Bollinger Mill is so much more fun to visit during summer than fighting ice in the parking lot during the winter. This marked our second visit to the mill site this year. The first visit was late in the day on one of the coldest days in the Cape Girardeau area this year.
The original mill was built by George Bollinger in this spot in 1800. The 214-year-old mill site was situated along the Whitewater River in southeast Missouri. The current mill is the third version and is now a Missouri state historic site.
The original mill was replaced with a second mill in 1825. The new mill was built using limestone. It operated until 1861, when it was destroyed by fire. It seemed the family (Bollinger died in 1842) supported the Confederates during the Civil War.
Following the Civil War, the land was sold to Solomon Burford. The mill was rebuilt to its current status in 1867. It’s located on the original limestone foundation Bollinger used. Of course, it has gone through some renovations over the years.
Burford owned the mill until 1897, when Cape County Milling Company took over operations. The company sold the mill to the Vandivort family in 1953. The family were relatives of Frederick Bollinger. In 1961, it was donated to the Cape Girardeau County Historical Society. The state took over later in the 1960s.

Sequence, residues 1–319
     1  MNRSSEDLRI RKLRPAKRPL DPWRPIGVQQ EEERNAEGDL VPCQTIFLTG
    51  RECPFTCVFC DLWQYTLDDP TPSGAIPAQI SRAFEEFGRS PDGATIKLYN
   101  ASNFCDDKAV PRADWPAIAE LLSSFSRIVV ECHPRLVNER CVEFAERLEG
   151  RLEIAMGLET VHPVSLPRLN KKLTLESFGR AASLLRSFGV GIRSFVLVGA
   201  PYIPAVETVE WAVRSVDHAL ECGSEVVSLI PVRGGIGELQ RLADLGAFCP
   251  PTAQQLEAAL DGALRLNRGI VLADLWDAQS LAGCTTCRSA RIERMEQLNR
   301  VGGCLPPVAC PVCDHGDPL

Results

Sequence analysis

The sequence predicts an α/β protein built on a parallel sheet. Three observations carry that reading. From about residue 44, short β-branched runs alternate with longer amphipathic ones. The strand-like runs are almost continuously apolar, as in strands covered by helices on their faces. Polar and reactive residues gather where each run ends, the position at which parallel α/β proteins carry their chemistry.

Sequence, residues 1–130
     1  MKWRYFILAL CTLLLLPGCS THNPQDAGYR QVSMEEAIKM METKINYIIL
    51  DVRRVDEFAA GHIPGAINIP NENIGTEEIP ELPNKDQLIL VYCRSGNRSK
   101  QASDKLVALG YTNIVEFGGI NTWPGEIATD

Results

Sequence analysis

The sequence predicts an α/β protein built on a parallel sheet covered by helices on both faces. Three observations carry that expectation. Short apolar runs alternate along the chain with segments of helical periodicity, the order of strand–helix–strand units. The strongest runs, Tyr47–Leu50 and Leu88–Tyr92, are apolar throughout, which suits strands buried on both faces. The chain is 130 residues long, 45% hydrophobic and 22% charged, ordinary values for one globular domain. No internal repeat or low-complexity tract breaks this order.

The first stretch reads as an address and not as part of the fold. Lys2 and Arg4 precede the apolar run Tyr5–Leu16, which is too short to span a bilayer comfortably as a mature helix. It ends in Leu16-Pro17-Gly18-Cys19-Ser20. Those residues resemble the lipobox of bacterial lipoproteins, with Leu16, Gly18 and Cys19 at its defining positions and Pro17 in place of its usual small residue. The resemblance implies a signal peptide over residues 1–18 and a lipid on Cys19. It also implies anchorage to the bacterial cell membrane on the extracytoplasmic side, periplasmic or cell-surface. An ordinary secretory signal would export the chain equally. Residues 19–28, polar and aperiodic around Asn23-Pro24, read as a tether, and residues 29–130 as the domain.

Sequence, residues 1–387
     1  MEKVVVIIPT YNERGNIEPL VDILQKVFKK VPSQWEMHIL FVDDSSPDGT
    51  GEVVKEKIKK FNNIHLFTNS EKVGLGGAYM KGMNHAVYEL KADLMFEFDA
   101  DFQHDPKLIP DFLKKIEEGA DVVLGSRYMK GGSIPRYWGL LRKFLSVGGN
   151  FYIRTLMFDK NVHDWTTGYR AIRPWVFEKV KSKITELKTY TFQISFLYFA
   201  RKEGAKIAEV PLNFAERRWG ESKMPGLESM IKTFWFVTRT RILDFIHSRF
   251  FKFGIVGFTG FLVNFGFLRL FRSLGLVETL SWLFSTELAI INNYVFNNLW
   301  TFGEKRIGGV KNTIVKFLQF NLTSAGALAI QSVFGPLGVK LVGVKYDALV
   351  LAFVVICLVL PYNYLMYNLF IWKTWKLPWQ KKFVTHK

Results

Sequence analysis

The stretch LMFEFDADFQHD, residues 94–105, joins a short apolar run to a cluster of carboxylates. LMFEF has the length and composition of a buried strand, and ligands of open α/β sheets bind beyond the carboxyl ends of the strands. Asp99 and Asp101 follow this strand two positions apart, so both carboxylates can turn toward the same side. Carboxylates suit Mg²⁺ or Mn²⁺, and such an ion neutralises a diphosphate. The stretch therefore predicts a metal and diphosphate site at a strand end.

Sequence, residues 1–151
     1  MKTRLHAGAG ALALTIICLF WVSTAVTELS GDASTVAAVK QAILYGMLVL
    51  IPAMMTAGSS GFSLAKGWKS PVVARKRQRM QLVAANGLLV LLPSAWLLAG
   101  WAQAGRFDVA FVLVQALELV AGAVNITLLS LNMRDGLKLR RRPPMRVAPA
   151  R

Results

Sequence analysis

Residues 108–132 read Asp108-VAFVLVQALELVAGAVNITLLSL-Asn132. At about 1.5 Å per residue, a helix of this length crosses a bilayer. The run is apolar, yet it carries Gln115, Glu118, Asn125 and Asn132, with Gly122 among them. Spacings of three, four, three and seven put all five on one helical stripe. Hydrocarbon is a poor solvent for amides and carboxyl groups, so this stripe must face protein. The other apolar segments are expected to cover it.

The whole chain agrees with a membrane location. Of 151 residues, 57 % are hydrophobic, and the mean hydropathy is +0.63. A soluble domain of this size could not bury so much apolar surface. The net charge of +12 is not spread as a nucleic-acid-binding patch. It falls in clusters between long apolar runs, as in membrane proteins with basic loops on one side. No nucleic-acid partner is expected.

Bollinger Mill was used to mill grain. The operation used various styles of mills to refine the grain. Guided tours of the four-story building are offered for a small fee by state parks employees.
The tour is worth it. We learned about the process of milling grain – from uploading the grain to the top floor for the initial mill process to the actual grain refining. Depending of the needed coarseness of the grain, millers would use different pieces of equipment.
Rolling mills eventually were used to process the grain, which reduced the need for so many employees. The tour displays the various styles of roller mills.
The fourth floor also has dust collectors on display. These tools were necessary as the milling process kicked up a lot of dust.
Along the tour, we were met by a second guide – Mittens. The cute cat walked along with us up to the third floor. Apparently, she avoids the fourth floor. She has to warm to you before she’ll let you pet her.
Outside the mill is the state’s oldest remaining covered bridge. The Burfordville Covered Bridge was likely completed after the Civil War, according to available information. The bridge was located on a road that connected Burfordville to Jackson (MO) and Cape Girardeau.
The route was a toll road until 1906. Farmers grew tired of waiting for the state to lift the toll charges, so they apparently tore down the gates and used the road for free.
The bridge has been renovated through the years to ensure safety and aesthetic beauty.
The Bollinger Mill and covered bridge area is well worth the 30-minute drive from Cape Girardeau. It is a beautiful area, and has a park for picnicking nearby.
For more information on Bollinger Mill, please check out the website at http://mostateparks.com/park/bollinger-mill-state-historic-site and www.visitcape.com.
For more information on the Burfordville Covered Bridge, please visit http://mostateparks.com/page/55043/burfordville-covered-bridge.